News Article

News Article

An Argument for a Public Education: Eight Killer Private Schools


Mary Harron's movie adaptation of Rachel Klein's book, The Moth Diaries, opens on April 20. It follows the Gothic-inspired tale of the darkly obsessive triangle that grows between three adolescent girls, Rebecca, Lucy and Ernessa, at an elite private school. You know, the kind of friendship that can only occur when privileged teenagers live together and wear the same clothes. The kind of friendship that gives blood brothers new meaning.

There's a long history of the private school trope in the horror genre. Shrouded in mystery, set away from society, obsessed with tradition and ritual, and often filled with young women in demure skirts just waiting to be ripped off, it's the perfect playground for all sorts of maniacs, stalkers and evil school marms. Preparatory school is a place where the cream of the crop go to live and learn in luxury and be molded into tomorrow's world leaders. And if someone isn't quite up to snuff - it's easy to get rid of them. In honor of all the bad things that can happen in the hallowed halls of academia, we've put together a list of our favorite murderous private school movies.

Finished with Finishing School - The House That Screamed

"The venomous seed of tormented desire grows to a nightmare of unspeakable horror."

Classify this one under ‘60s Franco Schoolsploitation. Girls at a French boarding school are being murdered at an alarming rate. There's a new girl who doesn't quite fit in. The sadistic head mistress allows her whip-wielding teacher's pets to exact punishment as they see fit. Button-up-turn-of-the-century lesbianism runs rampant. There's also the son of the headmistress who spies on the co-eds in a quest to find a girl "just like his mother." He'll scare you to pieces.

If all of this sounds very familiar it's because critics consider The House that Screamed highly influential to countless slashers to come, including the next film on our list, Suspiria.

Dance of the Dead - Suspiria

What girl wouldn't want to go to Germany to study ballet at a prestigious conservatory? Sure, there's the strange cook, the angry dog and the maggoty ceilings. Oh, and don't forget the savage murder of a student just as you arrived. But that's just part of challenge of being at a top school, isn't it?

Dario Argento's giallo masterpiece Suspiria combines garishly colored art nouveau sets, strange pairings of light and dissonant sound, grotesque special effects make-up and ghoulish characters to create a surreal Gothic nightmare. It plays on things little girls have been taught to fear for years, beginning with the fairy tales their parents read them, things like witches, cruel teachers, odd strangers and virile young men and gives those things a sharp knife with which to play.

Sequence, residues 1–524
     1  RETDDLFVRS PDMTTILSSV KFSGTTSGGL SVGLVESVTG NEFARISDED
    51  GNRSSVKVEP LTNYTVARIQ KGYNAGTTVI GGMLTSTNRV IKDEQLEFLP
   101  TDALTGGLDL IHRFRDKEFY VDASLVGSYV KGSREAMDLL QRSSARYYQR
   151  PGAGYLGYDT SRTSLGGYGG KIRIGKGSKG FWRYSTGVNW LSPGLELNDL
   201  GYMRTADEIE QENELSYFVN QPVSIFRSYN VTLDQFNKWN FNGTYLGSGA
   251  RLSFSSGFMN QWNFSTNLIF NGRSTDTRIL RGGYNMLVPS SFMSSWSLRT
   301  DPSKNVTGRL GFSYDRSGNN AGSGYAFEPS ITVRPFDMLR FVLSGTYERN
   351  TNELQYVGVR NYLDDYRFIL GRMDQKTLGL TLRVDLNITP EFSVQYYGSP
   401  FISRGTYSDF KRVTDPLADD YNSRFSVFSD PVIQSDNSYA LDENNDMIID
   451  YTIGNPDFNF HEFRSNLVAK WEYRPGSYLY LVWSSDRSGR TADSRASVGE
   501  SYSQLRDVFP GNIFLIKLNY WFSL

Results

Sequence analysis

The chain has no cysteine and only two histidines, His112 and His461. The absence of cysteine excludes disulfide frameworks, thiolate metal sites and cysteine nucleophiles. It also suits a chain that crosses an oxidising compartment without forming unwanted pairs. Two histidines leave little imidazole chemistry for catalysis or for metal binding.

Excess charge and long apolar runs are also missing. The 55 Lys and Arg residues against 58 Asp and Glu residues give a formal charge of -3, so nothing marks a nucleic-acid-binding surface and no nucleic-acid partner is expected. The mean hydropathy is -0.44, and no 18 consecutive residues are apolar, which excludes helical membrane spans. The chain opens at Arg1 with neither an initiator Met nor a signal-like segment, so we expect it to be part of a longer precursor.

Students Buggin' Out - Phenomena

The Richard Wagner School for Girls. As if that doesn't say enough. Dario Argento's Phenomena takes place at a school named after a German composer, whose work was appropriated by the Nazis. When you add that to a crazy soundtrack including Goblin and Iron Maiden, a protagonist who can psychically speak to bugs, Donald Pleasence and a chimpanzee nurse, attending this school might just make you lose your head.

Phenomena stars a very young Jennifer Connelly as the lovely Jennifer Corvino who is sent to  school in the "Transylvania of Switzerland," where a serial killer is on the loose. It's a great movie, but a decidedly strange movie. Argento revisits the requisite evil older woman, in the shape of the school's headmistress and Frau Bruckner, who has been hiding a disabled son. And the son! Argento knows the power of a terrifying child and no one wants to be stalked by that little pizza-faced boy. He also revisits the use of maggots in many forms, in fact, they are the key to finding the murderer.  The film is not as gory as many of Argento's other films, but the moment when Corvino falls in a pool of maggots with some skulls thrown in for good measure is pretty sickening.  There's a whole lot of signature stabbing too, but this time the knife is longer.

Catholic School Girls Are Cruel - The Craft

If you see a girl in your school who looks like Nancy Downs (Fairuza Balk) don't walk, just run, because nothing good can come from those crazy eyes. Here again, it's all about the Gothic, but this time the Gothic takes a cheesy ‘90s approach and the witches are out in the open.